P. 10

ugh we can intuit the primal idea with our minds, paradoxicallywe are unable ever
                                    to experience its full essence.

                                    From this frustration, at once cognitive and experiential, springs what was known
                                    to the Romantics as "strehen", the endless striving after the unreachable absolute, a
                                    ceaseless yearning which in Ventrone's approach to his art assumes the aspect of
                                    cynicism, or a kind ofmannered atheism, even an extreme, proclaimed materialism
                                   - promptly contradicted however by the transcendence that his canvases ex.ude. It
                                   is as ifVentrone were intent on denying his own view ofthe world, suffused as it is
                                   with pessimism, precisely by labouring to achieve perfection and beauty, in other
                                   words by creating, right where there should be only ruins, a kind oflong prayer, a
                                   perhaps unconscious katechon slowing the certain destruction of the world, war-
                                    ding offdeath as far as possible and saving things from the entropy ofthe universe,
                                   turning them for ever into art, in other words something resilient and eternal.

                                   We have seen that Ventrone describes himself as an abstract artist, and indeed he
                                    could have painted his works at the opposite end ofthe representational spectrum;
                                    actually, he has very likely clone just that at times, even though he is chiefly intere-
                                    sted in the form ofthings in themselves, then in their colour and brightness. Only
                                   later does he concern himselfwith depicting reality, which is a by-product, albeit of
                                    the very highest quality, of the whole process involved in creating the finished
                                   work: first comes the photograph - increasingly incredible thanks to digital tec-
                                   hnology- that provides extraordinary lighting effects; then the obsessive fastidio-
                                   usness to produce a projected image, which is the least meritorious phase; lastly, the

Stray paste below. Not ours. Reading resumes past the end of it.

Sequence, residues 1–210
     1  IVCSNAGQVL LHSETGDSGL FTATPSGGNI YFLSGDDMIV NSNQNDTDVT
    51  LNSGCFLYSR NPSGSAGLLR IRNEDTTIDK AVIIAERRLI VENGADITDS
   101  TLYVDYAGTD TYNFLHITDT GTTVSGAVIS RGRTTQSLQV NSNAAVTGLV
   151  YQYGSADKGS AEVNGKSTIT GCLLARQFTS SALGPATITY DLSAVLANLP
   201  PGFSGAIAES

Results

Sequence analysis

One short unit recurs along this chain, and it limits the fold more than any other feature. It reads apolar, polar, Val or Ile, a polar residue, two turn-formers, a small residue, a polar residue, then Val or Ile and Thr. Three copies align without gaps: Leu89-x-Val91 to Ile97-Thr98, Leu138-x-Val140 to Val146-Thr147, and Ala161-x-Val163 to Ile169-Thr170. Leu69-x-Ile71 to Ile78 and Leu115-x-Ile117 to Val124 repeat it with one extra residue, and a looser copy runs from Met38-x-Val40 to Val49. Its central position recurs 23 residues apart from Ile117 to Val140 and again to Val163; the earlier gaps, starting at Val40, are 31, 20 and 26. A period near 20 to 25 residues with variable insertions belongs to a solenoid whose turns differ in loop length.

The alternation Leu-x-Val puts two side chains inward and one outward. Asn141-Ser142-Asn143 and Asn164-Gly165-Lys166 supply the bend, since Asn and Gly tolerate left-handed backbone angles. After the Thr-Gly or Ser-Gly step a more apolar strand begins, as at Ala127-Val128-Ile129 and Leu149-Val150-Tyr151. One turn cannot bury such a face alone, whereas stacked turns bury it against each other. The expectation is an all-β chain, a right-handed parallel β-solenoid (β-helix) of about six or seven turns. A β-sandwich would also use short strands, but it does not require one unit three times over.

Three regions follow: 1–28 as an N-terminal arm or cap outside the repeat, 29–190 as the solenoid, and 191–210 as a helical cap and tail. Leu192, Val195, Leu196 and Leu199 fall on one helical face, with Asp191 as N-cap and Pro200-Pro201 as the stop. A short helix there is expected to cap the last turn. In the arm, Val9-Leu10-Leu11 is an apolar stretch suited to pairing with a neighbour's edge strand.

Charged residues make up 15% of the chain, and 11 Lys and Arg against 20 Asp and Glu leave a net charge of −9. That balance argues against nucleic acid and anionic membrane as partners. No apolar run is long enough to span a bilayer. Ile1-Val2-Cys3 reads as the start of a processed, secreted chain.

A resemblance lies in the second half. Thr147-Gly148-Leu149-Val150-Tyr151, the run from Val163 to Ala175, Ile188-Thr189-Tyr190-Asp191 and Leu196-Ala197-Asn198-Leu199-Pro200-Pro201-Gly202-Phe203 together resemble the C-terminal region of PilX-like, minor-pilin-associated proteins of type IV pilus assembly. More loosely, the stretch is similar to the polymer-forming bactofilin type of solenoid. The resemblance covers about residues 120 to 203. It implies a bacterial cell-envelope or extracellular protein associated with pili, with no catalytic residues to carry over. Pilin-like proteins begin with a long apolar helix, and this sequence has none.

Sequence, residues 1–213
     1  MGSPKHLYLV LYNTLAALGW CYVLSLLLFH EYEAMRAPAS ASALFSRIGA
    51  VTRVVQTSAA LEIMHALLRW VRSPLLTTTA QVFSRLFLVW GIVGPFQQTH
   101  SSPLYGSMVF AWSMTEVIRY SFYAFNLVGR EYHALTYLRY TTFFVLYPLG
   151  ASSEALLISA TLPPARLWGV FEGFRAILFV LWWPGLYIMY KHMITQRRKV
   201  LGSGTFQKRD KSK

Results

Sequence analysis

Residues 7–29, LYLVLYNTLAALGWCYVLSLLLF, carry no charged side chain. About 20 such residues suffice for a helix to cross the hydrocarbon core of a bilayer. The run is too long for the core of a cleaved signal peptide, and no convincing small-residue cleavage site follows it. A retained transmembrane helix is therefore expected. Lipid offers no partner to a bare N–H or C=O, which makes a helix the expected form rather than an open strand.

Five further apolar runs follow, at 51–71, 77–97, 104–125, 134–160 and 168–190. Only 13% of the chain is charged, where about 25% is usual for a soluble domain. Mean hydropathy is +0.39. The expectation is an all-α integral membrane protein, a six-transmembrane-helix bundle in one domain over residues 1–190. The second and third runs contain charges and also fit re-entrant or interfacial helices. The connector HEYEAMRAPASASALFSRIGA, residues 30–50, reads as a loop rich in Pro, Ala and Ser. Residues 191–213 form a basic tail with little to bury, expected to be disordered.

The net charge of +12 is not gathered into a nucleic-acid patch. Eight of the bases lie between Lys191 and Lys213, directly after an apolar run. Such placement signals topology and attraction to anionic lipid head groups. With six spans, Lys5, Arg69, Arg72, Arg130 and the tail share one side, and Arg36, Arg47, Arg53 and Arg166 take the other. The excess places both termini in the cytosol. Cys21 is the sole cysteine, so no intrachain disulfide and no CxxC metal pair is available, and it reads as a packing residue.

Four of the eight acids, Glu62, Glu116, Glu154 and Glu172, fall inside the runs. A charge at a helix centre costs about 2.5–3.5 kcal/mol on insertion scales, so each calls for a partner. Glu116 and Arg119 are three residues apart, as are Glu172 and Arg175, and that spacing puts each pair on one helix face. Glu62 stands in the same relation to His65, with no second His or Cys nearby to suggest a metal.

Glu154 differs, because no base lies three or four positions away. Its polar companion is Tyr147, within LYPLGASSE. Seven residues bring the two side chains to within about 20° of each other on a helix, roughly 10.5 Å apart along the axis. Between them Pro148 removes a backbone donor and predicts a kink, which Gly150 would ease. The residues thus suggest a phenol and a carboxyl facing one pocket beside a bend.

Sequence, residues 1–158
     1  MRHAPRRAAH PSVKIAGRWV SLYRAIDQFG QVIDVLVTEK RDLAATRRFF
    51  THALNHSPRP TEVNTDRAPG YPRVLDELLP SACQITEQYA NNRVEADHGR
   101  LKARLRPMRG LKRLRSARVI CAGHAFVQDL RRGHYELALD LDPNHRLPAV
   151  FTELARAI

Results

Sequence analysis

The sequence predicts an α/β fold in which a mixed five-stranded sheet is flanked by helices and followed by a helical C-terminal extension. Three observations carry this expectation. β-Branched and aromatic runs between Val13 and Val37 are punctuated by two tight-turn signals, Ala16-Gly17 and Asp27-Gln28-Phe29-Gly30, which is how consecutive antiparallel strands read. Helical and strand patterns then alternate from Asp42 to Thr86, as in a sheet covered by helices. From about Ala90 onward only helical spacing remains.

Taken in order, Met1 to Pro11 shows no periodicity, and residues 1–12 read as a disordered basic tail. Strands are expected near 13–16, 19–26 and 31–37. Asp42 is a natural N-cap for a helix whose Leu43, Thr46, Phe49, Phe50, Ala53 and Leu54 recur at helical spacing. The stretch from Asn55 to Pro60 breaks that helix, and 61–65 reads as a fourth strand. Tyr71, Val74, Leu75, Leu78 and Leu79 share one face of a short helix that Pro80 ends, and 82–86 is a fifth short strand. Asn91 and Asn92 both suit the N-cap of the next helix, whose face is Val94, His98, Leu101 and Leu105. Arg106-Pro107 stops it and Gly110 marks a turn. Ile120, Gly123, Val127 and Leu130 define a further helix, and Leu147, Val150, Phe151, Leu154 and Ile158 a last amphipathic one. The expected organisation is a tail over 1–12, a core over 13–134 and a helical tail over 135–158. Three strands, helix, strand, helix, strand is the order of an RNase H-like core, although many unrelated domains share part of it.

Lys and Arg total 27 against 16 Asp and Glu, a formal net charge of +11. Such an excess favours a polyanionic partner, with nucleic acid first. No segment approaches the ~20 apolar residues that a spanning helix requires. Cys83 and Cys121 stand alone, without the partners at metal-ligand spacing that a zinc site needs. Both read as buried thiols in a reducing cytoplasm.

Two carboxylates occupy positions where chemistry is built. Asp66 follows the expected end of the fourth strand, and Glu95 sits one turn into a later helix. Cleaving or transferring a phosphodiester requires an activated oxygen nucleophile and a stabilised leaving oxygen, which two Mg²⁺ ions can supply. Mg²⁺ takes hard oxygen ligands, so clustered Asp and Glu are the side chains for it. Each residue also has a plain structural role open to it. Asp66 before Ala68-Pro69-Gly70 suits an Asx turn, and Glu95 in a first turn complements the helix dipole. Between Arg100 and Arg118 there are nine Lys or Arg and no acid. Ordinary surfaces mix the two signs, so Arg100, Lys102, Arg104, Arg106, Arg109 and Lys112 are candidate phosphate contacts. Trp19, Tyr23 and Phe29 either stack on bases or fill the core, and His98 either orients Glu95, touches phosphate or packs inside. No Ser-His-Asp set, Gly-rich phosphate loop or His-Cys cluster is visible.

painstakingjob ofshading, where the artist's peerless skill as a colourist comes into
                                   its own. Indeed, i f the subject is depicted in extreme dose-up - for instance in the
                                    case ofthe pomegranate, a key painting in the exhibition - t h e works lose their con-
                                    nection with reality altogether and turn into arrangements of patches of colour,
                                   just as in classic abstract art or tachisme, albeit displaying higher quality and
                                   greater balance.

                                   Ventrone's long development can be likened to a palindrome that starts from
                                    abstractionism, continues through stages of representational art and returns to
                                    abstraction, with the result that it can therefore be read in either direction.And this
                                    exhibition, like other recent shows organized by Cesare Biasini Selvaggi, who has
                                    conducted a thorough analytical study placing the Roman painter in his historical
                                    context, offers an interesting perspective on the topic. Eschewing a chronological
                                    approach, in both show and catalogue, the retrospective prefers arrangements cho-
                                    sen by assonance or analogy, highlighting the points ofcontact between the vario-
                                   us styles and genres Ventrone has explored during his career and revealing the
                                   recurrence offorms and predilections for certain colours, but always with the same

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